This will be my last Mozambique post. Just the chance to post up a good smattering of photos and some final funny stories. Looking back now after a week at home, I think my abiding memory will be all the hilarity we shared, sometimes in the face of adversity. We laughed, then sighed, then laughed some more.
There was the night I snored like a train, (if trains can be said to snore) how ironic that we had both taken something to help us sleep through a lot of noise outside. Poor Victoria, I slept like a log (a snoring one)!
There was the moment Victoria fell into the toilet. Naturally, I was not present but enjoyed the gales of laughter coming from the bathroom. (Surely the ability to laugh if you fall into a toilet is way up there on the list of desirable personal qualities for intrepid travellers?)
Then there was the morning Victoria actually woke both of us by laughing out loud in her dream (and some of you know how loud Victoria can laugh).
The trip to the traditional African church will also be one of the highlights: the joy and dancing, the enthusiastic testimonies, the singing, the sound system… it had it all. Including the offer of 40 mangoes for breakfast before we began! These were politely declined on our behalf as they were floating in water of an uncertain origin but the boys didn’t hold back as you can see from the photo. We took the rest back for all the other boys to enjoy.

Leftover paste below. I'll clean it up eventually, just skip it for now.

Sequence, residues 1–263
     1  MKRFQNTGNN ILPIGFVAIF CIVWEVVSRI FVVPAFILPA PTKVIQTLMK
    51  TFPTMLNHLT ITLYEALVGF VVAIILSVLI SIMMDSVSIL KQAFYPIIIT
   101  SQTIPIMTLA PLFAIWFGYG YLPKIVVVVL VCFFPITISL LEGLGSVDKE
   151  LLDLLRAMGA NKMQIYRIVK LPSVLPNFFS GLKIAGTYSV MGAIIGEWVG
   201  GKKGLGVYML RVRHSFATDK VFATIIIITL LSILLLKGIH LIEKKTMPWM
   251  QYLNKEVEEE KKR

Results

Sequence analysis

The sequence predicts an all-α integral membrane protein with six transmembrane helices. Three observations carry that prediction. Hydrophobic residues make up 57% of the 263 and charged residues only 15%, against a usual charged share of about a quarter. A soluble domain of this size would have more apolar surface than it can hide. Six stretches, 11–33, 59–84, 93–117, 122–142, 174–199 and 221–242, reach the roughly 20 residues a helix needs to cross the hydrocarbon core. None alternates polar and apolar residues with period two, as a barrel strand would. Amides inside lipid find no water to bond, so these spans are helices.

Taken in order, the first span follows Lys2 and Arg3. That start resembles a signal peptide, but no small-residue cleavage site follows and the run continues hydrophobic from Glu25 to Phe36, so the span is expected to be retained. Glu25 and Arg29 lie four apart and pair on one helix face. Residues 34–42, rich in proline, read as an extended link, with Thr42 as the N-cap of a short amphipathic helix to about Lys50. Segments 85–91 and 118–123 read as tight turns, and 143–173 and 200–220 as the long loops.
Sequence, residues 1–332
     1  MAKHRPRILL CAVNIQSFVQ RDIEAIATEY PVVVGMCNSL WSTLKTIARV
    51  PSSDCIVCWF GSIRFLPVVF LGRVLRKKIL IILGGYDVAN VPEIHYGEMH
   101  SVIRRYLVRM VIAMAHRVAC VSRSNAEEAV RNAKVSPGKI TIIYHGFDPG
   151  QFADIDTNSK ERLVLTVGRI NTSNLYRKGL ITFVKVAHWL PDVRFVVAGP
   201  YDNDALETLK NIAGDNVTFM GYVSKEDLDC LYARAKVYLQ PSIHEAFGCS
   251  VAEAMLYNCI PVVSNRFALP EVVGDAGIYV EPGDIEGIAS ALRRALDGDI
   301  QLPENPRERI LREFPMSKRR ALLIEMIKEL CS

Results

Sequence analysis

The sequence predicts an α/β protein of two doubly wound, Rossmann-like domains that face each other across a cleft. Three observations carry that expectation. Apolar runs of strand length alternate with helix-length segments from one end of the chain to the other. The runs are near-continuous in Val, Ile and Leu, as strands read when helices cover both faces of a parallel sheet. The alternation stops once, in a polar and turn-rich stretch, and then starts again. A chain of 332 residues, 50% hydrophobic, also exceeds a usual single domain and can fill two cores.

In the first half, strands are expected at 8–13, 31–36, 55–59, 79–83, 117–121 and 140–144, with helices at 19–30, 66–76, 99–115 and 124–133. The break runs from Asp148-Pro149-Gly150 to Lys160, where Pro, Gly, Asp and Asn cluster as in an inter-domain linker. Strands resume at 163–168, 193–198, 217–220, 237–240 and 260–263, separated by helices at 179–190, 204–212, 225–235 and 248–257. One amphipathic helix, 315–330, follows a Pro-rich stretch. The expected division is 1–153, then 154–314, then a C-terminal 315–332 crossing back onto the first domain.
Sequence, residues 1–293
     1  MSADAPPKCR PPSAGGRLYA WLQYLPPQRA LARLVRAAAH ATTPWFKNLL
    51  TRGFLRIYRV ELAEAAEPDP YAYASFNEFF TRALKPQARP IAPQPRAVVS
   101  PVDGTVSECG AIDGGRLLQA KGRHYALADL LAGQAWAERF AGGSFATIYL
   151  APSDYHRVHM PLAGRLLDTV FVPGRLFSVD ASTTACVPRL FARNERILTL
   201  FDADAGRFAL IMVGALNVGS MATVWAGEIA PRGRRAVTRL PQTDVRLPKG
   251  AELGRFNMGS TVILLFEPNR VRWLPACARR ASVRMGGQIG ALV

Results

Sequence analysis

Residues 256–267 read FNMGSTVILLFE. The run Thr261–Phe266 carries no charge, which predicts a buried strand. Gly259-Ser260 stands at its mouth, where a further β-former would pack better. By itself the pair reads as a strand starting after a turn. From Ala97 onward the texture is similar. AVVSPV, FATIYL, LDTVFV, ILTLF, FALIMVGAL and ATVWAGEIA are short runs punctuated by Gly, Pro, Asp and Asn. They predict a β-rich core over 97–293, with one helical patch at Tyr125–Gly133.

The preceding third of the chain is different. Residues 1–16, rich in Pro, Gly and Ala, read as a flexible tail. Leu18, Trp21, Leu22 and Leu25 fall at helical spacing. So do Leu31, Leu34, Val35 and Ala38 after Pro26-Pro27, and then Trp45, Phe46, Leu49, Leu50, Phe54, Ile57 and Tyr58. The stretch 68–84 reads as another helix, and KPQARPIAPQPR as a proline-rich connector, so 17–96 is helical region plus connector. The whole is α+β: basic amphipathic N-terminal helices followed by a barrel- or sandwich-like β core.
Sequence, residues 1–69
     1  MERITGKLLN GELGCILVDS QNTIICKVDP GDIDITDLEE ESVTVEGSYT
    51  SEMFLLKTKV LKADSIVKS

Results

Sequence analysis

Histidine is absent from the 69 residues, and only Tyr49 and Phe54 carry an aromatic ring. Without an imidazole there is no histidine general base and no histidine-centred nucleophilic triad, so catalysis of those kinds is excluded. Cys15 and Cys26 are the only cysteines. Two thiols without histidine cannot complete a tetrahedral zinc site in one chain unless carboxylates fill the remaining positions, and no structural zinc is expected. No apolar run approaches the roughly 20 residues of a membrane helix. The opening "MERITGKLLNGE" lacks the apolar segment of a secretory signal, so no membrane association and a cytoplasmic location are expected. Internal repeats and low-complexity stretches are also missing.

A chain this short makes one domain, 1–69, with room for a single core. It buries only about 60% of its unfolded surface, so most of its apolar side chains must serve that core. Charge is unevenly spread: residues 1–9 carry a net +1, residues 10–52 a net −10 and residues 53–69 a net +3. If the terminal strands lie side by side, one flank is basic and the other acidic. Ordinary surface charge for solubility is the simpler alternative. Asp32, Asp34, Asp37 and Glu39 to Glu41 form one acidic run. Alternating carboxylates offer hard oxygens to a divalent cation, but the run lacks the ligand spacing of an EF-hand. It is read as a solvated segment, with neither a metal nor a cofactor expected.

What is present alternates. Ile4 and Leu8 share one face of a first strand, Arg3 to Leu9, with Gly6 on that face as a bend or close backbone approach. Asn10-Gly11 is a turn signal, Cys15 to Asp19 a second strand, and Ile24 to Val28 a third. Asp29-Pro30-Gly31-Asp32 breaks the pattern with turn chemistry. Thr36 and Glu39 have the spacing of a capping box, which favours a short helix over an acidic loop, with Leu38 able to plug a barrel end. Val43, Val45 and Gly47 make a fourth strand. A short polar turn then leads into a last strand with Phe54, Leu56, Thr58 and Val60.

I will also miss the pace of life, meals are taken simply but with care and attention. Not only is it too hot to go charging about but it also seems rude to be going so fast that you don’t have time to stop and pass the time of day, ask if people are well and hear their response.
‘How was your shower?’ I asked David as he came out of the bathroom on my first day back. He looked at me and raised his eyebrows. ‘Well, it was in the same corner of the bathroom as always, I pressed the button and the water came out’! I realised that this had become a question Victoria and I had asked each other twice daily (it was so hot you needed a shower when you woke and before you slept) because it seriously mattered but back home it is a totally redundant question. Once the water supply and its temperature can be taken for granted, why bother asking?
Maybe that’s true of the many things we take for granted. Maybe we would never get anything done if we paused to comment on all the minutia of life (how was your breakfast/lunch/tea/shower/journey/walk) but asking one another if we slept well, feel well or feel cared for… yes, maybe there’s time for that.
Love it – I had forgotten about the toilet incident – that was so funny, it is true what they say, laughter IS the best medicine!!!! Miss you Sheila come back soon!!
Wonderful to follow your journey, it brings back happy memories of a land of wonderful people where hurry-sickness does not exist !
I am sorry that we only were able to say “hello” and “goodbye” in passing. It would have been wonderful go get to know you! Someday soon!